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International Journal of Arts, Humanities and Social Studies

Vol. 6, Issue 1, Part A (2024)

Sanskrit’s affiliation to European languages and competing models of ‘Similarity’: Sir William Jones, Gaston-Laurent Coeurdoux, and Friedrich Schlegel

Author(s):

Dr. Prem Lata Chandra and Abhay Kumar Mishra

Abstract:

In 1784, Sir William Jones noted the similarities between Sanskrit, Latin, and Greek, leading to his recognition for discovering the concept of 'Indo-European' over two hundred years ago. However, new researches credit Father Gaston-Laurent Coeurdoux, a French Jesuit missionary in India, as the precursor to Sir William Jones with regard to discerning the similarity between Sanskrit and European languages. However, models of ‘similarity’ proposed by both of them allow for notable divergences. The concept of ‘mosaic ethnology’ sheds much light on their respective ideas of ‘similarity’. Sir William Jones aimed to emphasize the ethnological analogy between Indians and Europeans, based on their common descent from Hamite lineage. Father Coeurdoux, however, analyzed the linguistic-ethnological similarity between Indians and Europeans by highlighting their common Japhetite lineage. He argued that the Brahmins of India, who spoke Sanskrit, had closely interacted with Greek, Latin and other European peoples, and that this interaction became the source of language ‘similarity’ evolving over time. In Germany, in early 19th century, Friedrich Schlegel made inquiries into Sanskrit language and texts, and referred to linguistic similarity between Sanskrit and European languages as deriving from flectional character of Sanskrit. This finding earned him the reputation of being one of the earliest pioneers of comparative linguistics. Yet, Schlegel’s apparent linguistic enterprise contained an undertone of ‘internal colonialism’, denoting Germany’s aspiration to re-define itself in terms of leading a spiritual revitalization of Europe which stood on the brink of disintegration. More than that, in Schlegel’s ensuing scheme of retrieving and refining the lost primeval wisdom of India, contours of difference as well as that of interspersal between the West and East seem to be curiously interlocked.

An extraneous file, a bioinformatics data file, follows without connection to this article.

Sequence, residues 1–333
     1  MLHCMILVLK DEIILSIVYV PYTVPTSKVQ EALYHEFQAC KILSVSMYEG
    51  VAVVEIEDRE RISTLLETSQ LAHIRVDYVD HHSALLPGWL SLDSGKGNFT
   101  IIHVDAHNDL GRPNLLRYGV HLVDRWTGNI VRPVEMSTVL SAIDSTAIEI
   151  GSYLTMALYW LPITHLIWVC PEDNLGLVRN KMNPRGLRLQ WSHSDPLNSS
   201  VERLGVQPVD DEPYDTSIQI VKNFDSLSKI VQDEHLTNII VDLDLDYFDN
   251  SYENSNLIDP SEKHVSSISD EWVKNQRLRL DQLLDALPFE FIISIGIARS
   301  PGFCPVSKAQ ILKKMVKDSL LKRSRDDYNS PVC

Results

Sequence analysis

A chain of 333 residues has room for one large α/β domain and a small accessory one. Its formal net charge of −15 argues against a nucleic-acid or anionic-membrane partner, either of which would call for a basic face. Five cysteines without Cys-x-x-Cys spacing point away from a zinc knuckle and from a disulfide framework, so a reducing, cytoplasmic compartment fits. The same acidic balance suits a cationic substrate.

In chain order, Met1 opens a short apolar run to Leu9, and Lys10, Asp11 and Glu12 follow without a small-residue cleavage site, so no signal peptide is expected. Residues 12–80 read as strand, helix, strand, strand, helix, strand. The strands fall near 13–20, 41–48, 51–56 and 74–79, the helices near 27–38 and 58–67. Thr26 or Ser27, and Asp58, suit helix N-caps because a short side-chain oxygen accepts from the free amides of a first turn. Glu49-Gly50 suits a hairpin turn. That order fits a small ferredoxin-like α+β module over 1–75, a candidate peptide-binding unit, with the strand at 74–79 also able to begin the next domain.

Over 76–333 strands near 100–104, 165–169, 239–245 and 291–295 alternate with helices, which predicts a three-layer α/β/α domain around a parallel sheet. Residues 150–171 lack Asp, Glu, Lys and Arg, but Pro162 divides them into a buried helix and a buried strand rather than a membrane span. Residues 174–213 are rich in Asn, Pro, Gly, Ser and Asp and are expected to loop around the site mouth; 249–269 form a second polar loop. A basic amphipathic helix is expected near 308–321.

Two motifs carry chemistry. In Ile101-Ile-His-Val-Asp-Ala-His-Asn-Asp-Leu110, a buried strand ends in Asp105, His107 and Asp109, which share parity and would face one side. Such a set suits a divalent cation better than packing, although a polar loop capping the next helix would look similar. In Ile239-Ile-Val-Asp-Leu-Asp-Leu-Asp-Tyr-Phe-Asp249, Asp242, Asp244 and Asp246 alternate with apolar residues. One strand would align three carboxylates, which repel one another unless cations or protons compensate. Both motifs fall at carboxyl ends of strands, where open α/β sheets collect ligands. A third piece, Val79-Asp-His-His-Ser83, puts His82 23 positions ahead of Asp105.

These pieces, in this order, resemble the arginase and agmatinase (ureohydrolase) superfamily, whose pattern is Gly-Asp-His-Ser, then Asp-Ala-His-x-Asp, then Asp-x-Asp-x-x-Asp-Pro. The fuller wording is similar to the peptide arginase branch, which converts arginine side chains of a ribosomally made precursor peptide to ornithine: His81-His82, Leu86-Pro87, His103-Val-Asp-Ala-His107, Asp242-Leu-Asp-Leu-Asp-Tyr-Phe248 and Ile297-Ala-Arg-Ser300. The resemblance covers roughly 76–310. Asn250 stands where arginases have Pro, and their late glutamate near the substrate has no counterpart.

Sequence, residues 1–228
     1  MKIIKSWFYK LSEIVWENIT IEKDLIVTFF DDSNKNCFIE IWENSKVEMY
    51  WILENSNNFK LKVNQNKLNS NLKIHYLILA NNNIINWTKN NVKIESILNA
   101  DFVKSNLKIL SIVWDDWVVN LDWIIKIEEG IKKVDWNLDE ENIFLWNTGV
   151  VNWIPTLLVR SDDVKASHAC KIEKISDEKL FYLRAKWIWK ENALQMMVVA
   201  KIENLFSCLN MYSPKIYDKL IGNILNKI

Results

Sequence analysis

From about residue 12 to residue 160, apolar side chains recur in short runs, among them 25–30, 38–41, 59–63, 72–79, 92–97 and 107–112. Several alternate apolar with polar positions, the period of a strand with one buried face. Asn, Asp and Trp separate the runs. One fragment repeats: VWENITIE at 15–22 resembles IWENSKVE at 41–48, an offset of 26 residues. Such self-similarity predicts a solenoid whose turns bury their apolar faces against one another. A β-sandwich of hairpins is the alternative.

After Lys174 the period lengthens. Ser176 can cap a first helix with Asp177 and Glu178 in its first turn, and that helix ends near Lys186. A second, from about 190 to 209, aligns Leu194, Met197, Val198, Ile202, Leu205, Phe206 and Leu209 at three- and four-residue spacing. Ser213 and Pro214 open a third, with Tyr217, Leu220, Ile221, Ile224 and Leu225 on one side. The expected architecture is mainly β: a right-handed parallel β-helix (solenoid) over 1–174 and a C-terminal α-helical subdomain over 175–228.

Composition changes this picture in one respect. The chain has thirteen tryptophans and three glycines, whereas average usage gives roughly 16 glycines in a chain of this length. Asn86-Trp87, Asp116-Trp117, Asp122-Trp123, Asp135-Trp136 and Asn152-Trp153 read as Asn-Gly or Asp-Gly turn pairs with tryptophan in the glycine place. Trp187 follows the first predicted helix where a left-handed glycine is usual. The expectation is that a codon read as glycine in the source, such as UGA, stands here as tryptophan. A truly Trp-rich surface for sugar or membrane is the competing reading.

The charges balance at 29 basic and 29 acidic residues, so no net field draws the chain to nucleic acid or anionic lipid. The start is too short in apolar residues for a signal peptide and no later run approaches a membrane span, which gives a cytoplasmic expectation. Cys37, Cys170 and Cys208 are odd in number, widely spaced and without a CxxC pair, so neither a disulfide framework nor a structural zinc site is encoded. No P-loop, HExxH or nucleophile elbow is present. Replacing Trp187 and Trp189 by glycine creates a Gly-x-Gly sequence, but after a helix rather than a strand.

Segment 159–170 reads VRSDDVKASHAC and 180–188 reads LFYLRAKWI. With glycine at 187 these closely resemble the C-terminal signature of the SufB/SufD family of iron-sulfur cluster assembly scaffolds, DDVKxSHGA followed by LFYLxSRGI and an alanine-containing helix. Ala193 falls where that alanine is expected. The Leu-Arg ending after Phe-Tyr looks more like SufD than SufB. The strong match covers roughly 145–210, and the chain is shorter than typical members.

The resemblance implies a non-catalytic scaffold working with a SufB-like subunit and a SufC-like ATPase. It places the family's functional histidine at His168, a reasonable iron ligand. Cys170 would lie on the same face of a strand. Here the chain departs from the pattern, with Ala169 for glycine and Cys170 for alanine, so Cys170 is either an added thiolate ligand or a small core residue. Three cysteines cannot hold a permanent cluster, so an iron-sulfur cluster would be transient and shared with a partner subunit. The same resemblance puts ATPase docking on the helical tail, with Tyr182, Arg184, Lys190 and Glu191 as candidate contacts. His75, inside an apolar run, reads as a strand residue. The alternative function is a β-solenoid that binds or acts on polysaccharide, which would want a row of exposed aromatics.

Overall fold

Pages: 22-29  |  213 Views  76 Downloads


International Journal of Arts, Humanities and Social Studies
How to cite this article:
Dr. Prem Lata Chandra and Abhay Kumar Mishra. Sanskrit’s affiliation to European languages and competing models of ‘Similarity’: Sir William Jones, Gaston-Laurent Coeurdoux, and Friedrich Schlegel. Int. J. Arts Humanit. Social Stud. 2024;6(1):22-29. DOI: 10.33545/26648652.2024.v6.i1a.84
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